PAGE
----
Violent Media is Good for Kids?

Many children in America are sheltered. Sheltered as in their parents are afraid for them so they will constantly try to keep their child from any danger and/or violence. Of course every parent would never want to see their child get hurt, or be put in a  dangerous situation, or expose them to the evils of the world they do not yet know about or understand. But most parents think that in order to stop these ideas early to try to prevent any sort of conflicting violence, that they should cut out anything and everything that has to do with violence in their children’s lives. They try to steer clear of the shooting video games and revengeful TV shows or movies. Parents try to teach their kids to be nice and to put all of their rage aside and be good little boys and girls. But did you know that rage can be an energizing emotion?

Yes, children feel rage just as we do. Even the most adorable, sweetest little angels with baby blue eyes feel violence, anger, rage and hate. Even if their parents try to teach them differently; it is a natural emotion, a natural feeling that you cannot take away no matter how hard you try. What’s best is to express to your children, or any children for that matter, to be aware and to understand these feelings, and that you do not necessarily need to take it out on someone or something in order to get past it. The feeling is uncontrollable, but it can be altered. Teaching your children to express their feelings through words instead of actions can be another alternative to get over their rage and/or anger.

On the other hand, you do not have to cut out violent video games and television shows, but you could limit how much of it they do watch. Melanie Moore, a psychologist who works with urban teens explains “Children need violent entertainment in order to explore the inescapable feelings that they’ve been taught to deny, and to reintegrate those feelings into a more whole, more complex, more resilient selfhood.” Even those imaginary powers can help kids overcome insecurities, and become more of a social butterfly who knows and understands how to control his/her feelings and emotions. Gerard Jones expresses this idea in saying “Pretending to have superhuman powers helps children conquer the feelings of powerlessness that inevitably come with being so young and small. The dual-identity concept at the heart of many superhero stories helps kids negotiate the conflicts between the inner self and the public self as they work through the early stages of socialization. Even destructive heroes help children learn to push back against modern culture that cultivates fear and teaches dependency.”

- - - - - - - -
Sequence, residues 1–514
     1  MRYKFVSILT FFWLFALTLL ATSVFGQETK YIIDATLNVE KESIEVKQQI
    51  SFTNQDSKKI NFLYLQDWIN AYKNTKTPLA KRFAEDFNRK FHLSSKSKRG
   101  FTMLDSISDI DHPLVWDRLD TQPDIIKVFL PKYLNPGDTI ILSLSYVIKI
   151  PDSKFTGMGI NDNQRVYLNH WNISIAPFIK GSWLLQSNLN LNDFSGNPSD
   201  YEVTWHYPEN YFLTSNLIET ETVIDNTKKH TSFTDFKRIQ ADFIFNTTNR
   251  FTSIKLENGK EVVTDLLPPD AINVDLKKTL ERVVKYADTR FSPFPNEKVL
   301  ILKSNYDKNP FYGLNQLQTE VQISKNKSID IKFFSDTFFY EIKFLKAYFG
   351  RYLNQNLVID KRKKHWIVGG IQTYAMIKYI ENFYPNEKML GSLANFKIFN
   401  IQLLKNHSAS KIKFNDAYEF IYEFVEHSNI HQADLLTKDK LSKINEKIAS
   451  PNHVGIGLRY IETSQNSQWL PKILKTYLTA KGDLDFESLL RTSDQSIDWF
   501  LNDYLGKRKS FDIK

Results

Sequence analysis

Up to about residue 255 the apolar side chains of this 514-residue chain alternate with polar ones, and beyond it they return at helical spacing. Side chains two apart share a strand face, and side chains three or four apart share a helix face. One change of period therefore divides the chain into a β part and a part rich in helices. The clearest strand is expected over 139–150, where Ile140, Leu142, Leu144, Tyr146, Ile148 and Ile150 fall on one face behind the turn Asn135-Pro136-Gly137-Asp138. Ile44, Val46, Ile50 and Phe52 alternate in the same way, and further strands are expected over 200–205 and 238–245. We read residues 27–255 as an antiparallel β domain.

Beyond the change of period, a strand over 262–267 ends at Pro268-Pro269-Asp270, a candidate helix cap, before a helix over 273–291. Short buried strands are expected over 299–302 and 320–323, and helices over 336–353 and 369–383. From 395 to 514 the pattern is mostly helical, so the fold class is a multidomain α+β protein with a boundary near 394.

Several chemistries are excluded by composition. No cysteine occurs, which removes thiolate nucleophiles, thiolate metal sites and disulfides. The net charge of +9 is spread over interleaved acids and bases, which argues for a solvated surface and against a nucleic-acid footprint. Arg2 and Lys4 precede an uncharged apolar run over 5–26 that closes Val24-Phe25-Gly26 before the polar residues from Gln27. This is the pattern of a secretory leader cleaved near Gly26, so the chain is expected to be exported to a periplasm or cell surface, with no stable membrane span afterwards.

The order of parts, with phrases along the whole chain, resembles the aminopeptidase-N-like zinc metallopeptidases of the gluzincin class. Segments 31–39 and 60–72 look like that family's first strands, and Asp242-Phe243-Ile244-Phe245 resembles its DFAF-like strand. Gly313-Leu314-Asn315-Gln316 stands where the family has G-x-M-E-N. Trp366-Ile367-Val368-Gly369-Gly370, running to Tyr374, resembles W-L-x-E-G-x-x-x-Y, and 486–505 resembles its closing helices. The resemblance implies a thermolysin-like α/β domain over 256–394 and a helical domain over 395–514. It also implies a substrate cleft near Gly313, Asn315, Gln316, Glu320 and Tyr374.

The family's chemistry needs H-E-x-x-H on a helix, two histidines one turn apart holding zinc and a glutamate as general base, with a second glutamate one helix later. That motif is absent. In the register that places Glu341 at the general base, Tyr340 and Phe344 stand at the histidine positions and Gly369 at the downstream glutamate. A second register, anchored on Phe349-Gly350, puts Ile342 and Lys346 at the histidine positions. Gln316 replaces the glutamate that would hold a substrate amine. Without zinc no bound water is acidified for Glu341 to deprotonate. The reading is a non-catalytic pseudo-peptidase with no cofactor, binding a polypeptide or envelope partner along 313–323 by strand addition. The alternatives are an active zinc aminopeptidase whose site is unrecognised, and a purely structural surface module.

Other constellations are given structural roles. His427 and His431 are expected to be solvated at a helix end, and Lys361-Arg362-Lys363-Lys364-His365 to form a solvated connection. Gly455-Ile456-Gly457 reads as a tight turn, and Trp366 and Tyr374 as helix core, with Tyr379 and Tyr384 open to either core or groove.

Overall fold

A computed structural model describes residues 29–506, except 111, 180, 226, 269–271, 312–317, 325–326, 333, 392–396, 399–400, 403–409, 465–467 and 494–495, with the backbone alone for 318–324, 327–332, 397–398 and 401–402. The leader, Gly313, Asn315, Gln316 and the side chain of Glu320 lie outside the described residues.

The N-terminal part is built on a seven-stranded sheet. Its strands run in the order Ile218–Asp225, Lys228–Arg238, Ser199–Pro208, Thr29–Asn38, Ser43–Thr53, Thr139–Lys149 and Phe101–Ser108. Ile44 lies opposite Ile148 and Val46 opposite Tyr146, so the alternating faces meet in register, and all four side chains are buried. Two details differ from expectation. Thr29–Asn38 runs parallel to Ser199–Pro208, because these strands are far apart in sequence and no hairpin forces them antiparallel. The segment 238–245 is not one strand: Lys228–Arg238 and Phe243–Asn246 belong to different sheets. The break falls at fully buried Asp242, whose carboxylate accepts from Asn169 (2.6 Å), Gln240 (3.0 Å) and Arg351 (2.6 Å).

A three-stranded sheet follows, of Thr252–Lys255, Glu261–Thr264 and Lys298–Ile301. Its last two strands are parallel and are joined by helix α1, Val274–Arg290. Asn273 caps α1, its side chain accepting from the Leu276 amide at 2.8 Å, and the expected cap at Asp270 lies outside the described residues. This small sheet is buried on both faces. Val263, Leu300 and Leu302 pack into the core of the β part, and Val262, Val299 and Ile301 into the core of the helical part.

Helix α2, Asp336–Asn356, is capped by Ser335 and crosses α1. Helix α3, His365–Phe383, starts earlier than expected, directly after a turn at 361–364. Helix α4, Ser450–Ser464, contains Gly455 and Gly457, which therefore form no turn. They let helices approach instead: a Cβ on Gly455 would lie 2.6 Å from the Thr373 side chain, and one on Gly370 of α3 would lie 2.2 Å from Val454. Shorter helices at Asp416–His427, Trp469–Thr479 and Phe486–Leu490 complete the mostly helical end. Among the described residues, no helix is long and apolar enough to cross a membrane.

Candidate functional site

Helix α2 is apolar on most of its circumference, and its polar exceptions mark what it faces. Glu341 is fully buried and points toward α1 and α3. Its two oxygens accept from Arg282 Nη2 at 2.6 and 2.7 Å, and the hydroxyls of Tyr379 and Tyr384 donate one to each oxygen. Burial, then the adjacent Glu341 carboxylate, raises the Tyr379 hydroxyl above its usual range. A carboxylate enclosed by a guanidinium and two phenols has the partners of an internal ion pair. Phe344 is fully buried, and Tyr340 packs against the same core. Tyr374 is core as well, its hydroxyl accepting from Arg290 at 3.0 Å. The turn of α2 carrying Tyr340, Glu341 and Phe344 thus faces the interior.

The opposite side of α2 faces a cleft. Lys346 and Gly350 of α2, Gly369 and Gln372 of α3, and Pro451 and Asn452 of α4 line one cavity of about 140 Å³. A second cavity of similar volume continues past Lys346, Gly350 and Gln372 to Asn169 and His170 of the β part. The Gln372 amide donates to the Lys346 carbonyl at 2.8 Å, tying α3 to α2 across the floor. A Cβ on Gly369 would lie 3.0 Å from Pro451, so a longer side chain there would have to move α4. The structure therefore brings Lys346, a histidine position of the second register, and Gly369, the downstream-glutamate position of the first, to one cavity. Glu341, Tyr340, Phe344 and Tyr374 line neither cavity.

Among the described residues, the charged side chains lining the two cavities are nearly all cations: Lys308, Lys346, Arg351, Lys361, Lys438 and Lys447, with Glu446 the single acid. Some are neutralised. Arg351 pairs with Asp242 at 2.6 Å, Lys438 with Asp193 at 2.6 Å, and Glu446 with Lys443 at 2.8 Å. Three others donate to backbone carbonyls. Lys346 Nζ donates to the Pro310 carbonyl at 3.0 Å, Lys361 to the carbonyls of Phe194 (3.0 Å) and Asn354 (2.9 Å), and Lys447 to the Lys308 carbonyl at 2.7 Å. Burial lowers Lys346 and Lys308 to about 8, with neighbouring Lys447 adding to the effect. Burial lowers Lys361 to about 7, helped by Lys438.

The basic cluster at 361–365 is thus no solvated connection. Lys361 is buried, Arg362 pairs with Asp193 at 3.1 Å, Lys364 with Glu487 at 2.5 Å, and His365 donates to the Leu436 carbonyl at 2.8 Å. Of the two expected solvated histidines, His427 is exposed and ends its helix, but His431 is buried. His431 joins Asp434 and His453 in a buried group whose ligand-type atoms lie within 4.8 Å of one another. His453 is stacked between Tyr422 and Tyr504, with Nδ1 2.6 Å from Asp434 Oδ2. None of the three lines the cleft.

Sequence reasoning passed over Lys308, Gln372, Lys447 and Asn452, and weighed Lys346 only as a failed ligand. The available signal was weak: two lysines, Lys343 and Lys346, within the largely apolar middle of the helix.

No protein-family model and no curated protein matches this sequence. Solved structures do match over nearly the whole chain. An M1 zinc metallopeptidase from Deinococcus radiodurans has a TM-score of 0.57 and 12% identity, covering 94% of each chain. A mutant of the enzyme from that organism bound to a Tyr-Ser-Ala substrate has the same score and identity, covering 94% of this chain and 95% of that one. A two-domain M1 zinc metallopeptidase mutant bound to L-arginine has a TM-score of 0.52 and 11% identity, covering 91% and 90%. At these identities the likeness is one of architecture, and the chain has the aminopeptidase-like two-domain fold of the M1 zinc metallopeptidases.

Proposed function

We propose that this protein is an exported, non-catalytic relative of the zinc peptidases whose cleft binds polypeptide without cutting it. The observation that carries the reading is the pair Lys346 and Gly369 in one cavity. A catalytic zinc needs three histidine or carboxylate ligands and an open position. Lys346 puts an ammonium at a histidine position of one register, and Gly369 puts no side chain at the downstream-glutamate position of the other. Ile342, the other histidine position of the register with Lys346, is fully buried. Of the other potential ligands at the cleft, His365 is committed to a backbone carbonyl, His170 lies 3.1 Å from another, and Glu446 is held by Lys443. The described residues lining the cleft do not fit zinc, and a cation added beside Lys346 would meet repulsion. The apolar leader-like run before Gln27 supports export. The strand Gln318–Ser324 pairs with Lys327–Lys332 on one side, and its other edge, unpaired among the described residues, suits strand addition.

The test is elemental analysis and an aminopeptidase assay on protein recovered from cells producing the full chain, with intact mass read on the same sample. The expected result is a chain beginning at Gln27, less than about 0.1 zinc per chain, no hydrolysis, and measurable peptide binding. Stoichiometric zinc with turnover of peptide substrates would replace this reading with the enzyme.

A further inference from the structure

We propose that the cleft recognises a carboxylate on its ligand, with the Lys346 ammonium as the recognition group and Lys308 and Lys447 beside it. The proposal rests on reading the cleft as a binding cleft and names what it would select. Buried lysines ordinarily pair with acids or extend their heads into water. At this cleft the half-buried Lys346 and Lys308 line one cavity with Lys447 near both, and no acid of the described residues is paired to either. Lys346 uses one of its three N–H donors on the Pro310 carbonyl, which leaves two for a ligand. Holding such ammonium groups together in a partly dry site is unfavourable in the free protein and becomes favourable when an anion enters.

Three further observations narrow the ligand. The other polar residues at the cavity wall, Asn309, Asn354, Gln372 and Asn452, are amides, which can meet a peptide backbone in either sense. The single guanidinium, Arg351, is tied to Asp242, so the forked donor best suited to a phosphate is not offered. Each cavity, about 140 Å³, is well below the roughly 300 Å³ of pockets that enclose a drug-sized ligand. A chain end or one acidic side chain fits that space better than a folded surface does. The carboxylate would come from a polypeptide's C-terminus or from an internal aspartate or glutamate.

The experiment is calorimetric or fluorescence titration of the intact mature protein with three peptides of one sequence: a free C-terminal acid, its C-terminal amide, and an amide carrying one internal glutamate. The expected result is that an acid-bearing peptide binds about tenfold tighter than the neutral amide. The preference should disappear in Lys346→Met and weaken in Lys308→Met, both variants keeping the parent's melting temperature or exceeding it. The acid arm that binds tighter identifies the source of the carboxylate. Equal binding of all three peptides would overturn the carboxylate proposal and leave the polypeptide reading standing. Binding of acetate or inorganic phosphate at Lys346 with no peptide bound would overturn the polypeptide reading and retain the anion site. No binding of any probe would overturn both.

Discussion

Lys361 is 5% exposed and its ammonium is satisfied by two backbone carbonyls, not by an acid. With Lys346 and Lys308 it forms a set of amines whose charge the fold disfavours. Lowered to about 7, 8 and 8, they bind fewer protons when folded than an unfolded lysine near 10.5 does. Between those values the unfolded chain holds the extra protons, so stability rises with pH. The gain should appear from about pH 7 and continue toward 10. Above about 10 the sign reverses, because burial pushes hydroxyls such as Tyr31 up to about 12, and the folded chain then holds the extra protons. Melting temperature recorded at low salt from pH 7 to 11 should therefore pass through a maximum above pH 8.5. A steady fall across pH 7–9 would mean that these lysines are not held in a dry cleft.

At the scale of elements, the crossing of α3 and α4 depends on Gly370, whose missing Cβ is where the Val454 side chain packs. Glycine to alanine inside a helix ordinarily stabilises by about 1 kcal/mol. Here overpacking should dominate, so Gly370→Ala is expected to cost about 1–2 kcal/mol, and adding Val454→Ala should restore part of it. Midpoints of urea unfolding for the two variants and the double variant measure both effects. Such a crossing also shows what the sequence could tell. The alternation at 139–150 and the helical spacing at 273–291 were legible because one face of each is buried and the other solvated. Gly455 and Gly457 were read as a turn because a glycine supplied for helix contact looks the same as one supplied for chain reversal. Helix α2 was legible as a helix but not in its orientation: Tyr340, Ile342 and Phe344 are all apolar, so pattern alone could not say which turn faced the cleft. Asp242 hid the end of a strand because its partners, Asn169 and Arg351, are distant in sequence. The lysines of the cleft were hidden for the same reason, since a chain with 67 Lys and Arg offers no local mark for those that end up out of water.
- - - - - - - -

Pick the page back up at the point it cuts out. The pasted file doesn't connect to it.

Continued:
In every child there is a little superhero that wants to come out. Not all children choose to be involved with violence, but keeping it from them is no way to let them live either. They need to know and understand what they are feeling and to find additional alternatives to healthily rid these hateful and raging emotions to ensure they have a more successful, happy future without confusion between what is reality and what is imaginary.

Not to mention, you never want a child to grow up impatient with anger problems. Especially not like this angry little girl here.


4 thoughts on “Violent Media is Good for Kids?

  1. I do agree with this article very much. I believe there is such thing as being to sheltered, but on the other hand there are parents out there that do not have any control over there children and you can tell how they are raised. No matter how much you shelter your child they will always, somehow find a way to be exposed t anger and violence. Turning on the TV today you are not able to find fighting, bulling, violence, and even sexual contact. Conflict is good for your child sometimes. It shows them they are not perfect. Parents think their children are perfect like angels and do nothing wrong. Just like the little girl in the video she can not control her mouth or when she becomes angry she gets mad and yells at the screen because she can not sing. You can always tell how people are raised, by the way the are acting in public. Their for yes, you need to protect your children but also need to let them learn right from wrong on there own. But you should discipline your child when needed.